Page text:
Did seem a little hard riding but were very durable on the crappy DC area roads.
Since the Abarth can't carry a spare (the under hatch area where it normally goes is used up by the exhaust), I was thinking maybe performance all-season run flats would be a good idea.

Thanks for the feedback...

geeded
06-24-2012, 02:22 PM
They were standard on our '06 MINI S, and I have never disliked a tire more. We tried to stomach them until they wore out but gave up after a few thousand miles and switched to 'normal' tires. They DO ride like stone, transmit ALL bumps, shakes, etc directly into your hands and butt. We purchased a 'Slime' kit (pump, goop), have AAA premium and never looked back. I have a brand new run-flat for the MINI under the deck if anyone wants to come and get it, assuming there are some masochists out there.

So NO, stay away from them. On a related note, C&D did a year test on the BMW 5 and they had (I think) 5 or 6 run-flat tire failures at $400 a pop. YMMV but never trust a car company that takes your spare and refuses to have an oil dipstick for their engine.

The Abarth doesn't have a spare but it's not a family car and I know that.

Cheers

CLXXV
06-24-2012, 04:40 PM
Heed the words of the anti-run-flat mob!

The OEM PZero Neros that are included with the 17" wheels are very good tires. The only way I'd switch is if the new Michelin Super Sports came in the correct size (which they don't). I'm not a fan of the 16" all-season P7s that are standard (or ANY all-season tires, for that matter).

SeaDawg
06-24-2012, 04:57 PM
YMMV but never trust a car company that takes your spare and refuses to have an oil dipstick for their engine.

Cheers

You've GOT to be kiiding me, right? NO oil dipstick...?

CLXXV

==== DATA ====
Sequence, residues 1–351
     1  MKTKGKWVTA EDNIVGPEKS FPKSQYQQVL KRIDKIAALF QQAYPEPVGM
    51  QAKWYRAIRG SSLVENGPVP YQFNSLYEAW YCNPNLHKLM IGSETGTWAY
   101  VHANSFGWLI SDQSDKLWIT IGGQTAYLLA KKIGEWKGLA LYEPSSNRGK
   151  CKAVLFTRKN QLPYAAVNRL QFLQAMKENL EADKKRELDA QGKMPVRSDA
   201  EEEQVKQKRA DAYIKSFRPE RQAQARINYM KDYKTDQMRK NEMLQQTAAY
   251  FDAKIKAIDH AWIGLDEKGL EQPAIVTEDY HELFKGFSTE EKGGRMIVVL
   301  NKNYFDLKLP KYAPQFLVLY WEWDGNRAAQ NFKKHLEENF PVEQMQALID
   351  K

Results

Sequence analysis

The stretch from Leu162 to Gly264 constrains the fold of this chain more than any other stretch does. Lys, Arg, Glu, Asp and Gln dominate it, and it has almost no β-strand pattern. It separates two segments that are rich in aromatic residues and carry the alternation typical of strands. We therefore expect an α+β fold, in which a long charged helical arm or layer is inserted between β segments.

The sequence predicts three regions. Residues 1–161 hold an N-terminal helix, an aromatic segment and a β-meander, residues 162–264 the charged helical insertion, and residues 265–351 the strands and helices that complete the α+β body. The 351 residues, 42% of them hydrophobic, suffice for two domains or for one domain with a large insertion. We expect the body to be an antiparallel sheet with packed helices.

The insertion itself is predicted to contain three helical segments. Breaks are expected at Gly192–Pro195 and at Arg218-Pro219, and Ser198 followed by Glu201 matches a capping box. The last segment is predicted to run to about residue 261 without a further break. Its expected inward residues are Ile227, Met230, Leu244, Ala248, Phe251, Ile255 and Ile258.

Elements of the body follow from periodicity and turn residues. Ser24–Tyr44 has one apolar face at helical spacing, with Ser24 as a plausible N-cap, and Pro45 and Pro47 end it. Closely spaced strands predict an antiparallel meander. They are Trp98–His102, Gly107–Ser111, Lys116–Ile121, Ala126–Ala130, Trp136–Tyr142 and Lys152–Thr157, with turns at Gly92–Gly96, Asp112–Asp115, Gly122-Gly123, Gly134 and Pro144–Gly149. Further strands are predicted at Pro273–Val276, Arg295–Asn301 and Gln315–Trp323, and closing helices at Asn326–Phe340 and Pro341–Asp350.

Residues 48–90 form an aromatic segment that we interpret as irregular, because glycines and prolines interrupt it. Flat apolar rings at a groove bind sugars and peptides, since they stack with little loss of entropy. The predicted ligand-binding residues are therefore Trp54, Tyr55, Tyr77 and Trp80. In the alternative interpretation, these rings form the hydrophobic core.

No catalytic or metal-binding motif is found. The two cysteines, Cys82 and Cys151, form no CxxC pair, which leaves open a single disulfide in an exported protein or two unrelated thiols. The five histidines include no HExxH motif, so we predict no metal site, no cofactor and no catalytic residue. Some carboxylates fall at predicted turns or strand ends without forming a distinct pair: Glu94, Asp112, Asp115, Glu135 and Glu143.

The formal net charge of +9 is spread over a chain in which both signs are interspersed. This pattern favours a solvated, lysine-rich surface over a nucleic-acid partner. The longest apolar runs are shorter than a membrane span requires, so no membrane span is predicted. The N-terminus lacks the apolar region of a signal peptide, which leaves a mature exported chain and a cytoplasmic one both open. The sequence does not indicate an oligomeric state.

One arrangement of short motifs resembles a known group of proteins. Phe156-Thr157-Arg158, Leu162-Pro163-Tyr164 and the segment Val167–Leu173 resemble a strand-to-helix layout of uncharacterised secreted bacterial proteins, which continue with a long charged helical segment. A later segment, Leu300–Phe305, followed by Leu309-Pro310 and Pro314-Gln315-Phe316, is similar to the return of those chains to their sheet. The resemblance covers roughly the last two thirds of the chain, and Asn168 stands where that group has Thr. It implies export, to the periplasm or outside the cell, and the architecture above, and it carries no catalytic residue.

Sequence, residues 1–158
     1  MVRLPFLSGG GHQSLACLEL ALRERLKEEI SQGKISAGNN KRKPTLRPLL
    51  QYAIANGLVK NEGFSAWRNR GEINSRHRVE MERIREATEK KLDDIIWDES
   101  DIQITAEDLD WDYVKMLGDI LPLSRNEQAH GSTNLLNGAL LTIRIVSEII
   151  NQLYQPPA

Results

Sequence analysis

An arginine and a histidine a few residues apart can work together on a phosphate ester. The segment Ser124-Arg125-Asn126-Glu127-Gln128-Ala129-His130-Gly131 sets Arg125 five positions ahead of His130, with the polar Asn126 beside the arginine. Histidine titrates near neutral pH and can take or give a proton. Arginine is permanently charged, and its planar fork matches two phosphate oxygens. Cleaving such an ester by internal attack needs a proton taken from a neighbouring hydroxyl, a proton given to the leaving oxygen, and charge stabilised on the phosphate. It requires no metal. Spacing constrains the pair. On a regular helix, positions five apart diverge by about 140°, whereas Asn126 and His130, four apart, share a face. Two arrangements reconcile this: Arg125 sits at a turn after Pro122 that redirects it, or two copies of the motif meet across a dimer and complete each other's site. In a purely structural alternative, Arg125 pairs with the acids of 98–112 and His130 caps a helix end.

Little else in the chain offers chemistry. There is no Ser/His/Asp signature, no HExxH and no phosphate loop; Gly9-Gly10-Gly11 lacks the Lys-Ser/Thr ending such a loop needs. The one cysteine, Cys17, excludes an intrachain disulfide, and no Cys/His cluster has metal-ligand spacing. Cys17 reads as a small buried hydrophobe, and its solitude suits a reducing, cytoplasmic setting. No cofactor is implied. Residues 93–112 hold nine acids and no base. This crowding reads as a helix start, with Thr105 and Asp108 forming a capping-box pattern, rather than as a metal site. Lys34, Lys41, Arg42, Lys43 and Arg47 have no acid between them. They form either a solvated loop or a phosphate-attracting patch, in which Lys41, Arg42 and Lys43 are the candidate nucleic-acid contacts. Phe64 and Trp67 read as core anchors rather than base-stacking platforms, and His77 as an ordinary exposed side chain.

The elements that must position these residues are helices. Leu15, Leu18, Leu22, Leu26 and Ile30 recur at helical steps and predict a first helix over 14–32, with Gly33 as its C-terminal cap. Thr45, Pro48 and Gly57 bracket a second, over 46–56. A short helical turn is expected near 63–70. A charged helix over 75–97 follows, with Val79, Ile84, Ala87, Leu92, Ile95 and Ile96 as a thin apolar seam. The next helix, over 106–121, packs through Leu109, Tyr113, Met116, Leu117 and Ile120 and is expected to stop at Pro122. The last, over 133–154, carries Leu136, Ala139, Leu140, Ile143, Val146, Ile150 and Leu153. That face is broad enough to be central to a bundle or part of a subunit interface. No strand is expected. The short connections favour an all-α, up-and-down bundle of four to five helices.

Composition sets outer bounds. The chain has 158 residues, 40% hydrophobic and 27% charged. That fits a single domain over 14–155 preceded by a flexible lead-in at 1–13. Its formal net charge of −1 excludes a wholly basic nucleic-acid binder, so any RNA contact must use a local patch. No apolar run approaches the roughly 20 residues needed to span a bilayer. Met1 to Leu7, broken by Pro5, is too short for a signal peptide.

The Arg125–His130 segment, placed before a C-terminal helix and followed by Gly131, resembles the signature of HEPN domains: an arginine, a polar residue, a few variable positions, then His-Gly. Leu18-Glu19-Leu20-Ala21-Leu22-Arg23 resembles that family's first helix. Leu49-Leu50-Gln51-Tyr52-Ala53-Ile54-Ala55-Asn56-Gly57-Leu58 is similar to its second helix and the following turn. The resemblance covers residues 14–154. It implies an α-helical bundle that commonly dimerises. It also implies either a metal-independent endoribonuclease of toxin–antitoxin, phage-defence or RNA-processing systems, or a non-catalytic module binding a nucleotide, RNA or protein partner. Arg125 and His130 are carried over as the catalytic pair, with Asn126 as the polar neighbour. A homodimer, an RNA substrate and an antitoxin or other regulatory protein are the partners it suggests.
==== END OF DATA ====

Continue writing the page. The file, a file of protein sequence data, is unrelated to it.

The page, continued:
06-24-2012, 05:17 PM
You've GOT to be kiiding me, right? NO oil dipstick...?

It's more common than you'd expect. My XKR doesn't have one and neither did my CLK500. You check it via the instrument panel. Easier to read than a dispstick, so I don't understand why someone would have a problem with it. Of all the goofy gadgets on cars these days, an electronic readout for oil level doesn't seem weird to me at all.

SeaDawg
06-24-2012, 05:25 PM
Of all the goofy gadgets on cars these days, an electronic readout for oil level doesn't seem weird to me at all.

I'd probably get used to it, but my view on an electronic oil dipstick is sort of what a lot of people think about automatic climate control systems....

ukeluthier
06-25-2012, 05:50 PM
It's more common than you'd expect. My XKR doesn't have one and neither did my CLK500. You check it via the instrument panel. Easier to read than a dispstick, so I don't understand why someone would have a problem with it. Of all the goofy gadgets on cars these days, an electronic readout for oil level doesn't seem weird to me at all.

Take it from a retired electronics engineer... the LAST goofy gadget you'd want to rely on to protect an expensive engine is an electronic oil level readout. Electronic sensors of all kinds fail at an alarming rate under real-world environmental conditions. When was the last time you heard of an old-fashioned dipstick failing?

German engineers have generally gone berserk... over-engineering solutions for problems that don't exist. I guess the K.I.S.S. principle doesn't translate into German. ;-)